MOVIE URBAN LEGEND: Universal Studios sued Nintendo, saying Donkey Kong infringed on its King Kong trademark.
One of the most interesting aspects of trademark law is that cases involving infringement rarely make it to trial. That’s because it’s almost always more cost-effective to simply change the trademark after receiving a cease-and-desist letter rather than to spend the money to go to trial to defend its use. If you follow that train of thought to its logical conclusion, you’ll realize that it’s possible for large companies to successfully argue trademark infringement even if they don’t have a legal leg to stand on, simply because they have enough money to threaten smaller entities into backing down. They’re essentially the 300-pound gorilla in the room, and everyone has to get out of their way. When one of those small companies does choose to fight back, however, the results can be surprising. An excellent example of this is when Universal City Studios (“Universal”) decided to sue Nintendo, claiming Donkey Kong infringed upon its King Kong trademark.
Debuting in 1981, the arcade game Donkey Kong soon became one of the most successful video games of all time. The premise is that Donkey Kong is the pet of Jumpman (later renamed Mario in the United States) who’s abused to the point that he kidnaps his owner’s girlfriend Lady (later renamed Pauline). Jumpman has to rescue her by traveling up a series of ladders while Donkey Kong throws barrels in an attempt to stop him. Donkey Kong was one of the first video games (if not the first) to use a storyline and established characters to make play more exciting. You’re not just blasting away at inanimate objects, you’re specifically trying to rescue a damsel in distress! Donkey Kong soon became the template many video games would try to copy over the years (and Donkey Kong and Mario became two of the most famous video game characters ever). However, there were some who felt the game’s template seemed mighty familiar. The idea of a giant ape kidnapping a woman and taking her to the top of a building sure sounds like King Kong, doesn’t it?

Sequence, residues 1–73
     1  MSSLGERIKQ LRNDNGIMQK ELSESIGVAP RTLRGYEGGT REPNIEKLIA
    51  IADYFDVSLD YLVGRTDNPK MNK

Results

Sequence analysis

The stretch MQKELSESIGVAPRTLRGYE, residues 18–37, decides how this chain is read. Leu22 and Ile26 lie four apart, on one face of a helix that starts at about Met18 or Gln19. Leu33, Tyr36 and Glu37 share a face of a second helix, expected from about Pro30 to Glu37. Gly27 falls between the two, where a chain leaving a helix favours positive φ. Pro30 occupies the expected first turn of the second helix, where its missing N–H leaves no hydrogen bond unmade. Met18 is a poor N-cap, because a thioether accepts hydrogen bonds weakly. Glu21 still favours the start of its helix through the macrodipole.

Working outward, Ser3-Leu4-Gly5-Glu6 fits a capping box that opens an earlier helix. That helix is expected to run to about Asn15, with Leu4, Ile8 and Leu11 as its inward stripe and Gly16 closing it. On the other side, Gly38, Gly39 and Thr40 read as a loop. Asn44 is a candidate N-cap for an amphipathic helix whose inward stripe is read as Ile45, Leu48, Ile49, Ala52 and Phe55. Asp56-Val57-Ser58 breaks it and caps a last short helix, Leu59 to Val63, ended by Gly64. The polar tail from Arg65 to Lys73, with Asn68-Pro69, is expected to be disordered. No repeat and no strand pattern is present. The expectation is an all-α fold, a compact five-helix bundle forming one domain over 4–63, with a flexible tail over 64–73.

Well, in 1982, with the game a pop-culture sensation, Universal president Sid Sheinberg finally heard about Donkey Kong, and had one of his subordinates investigate. He was told that it seemed like the game infringed on the studio’s rights to King Kong, so Sheinberg contacted Coleco president Arnold Greenberg, whose company was licensing the game in the United States for consoles. Sheinberg threatened Greenberg with a trademark-infringement lawsuit, and ultimately got him to agree to give Universal a 3 percent cut of all sales of Donkey Kong video games, which was worth roughly $4 million.
An issue arose, however, when Tiger, a manufacturer of handheld video games, licensed King Kong. Universal quickly realized the arrangement it had signed with Tiger would prohibit the studio from licensing King Kong to another video game company, which would void the deal just signed with Coleco. In addition, the Tiger handheld game looked a bit too much like Donkey Kong. Universal tried unsuccessfully to pull out of the agreement with Tiger, but the studio was able to get company to ease off on the rights exclusivity and alter the game so it didn’t so closely resemble Donkey Kong.
While Coleco caved in quickly, Nintendo, decided that Universal’s claims of ownership regarding King Kong weren’t based on a solid ground and refused to settle. Universal then sued Nintendo for trademark infringement and sent cease-and-desist letters to all of the companies that had licensed Donkey Kong for other products (cereal and board games, for instance). But Universal overplayed its hand. Why? Well, as it turned out, Universal didn’t actually own the King Kong name!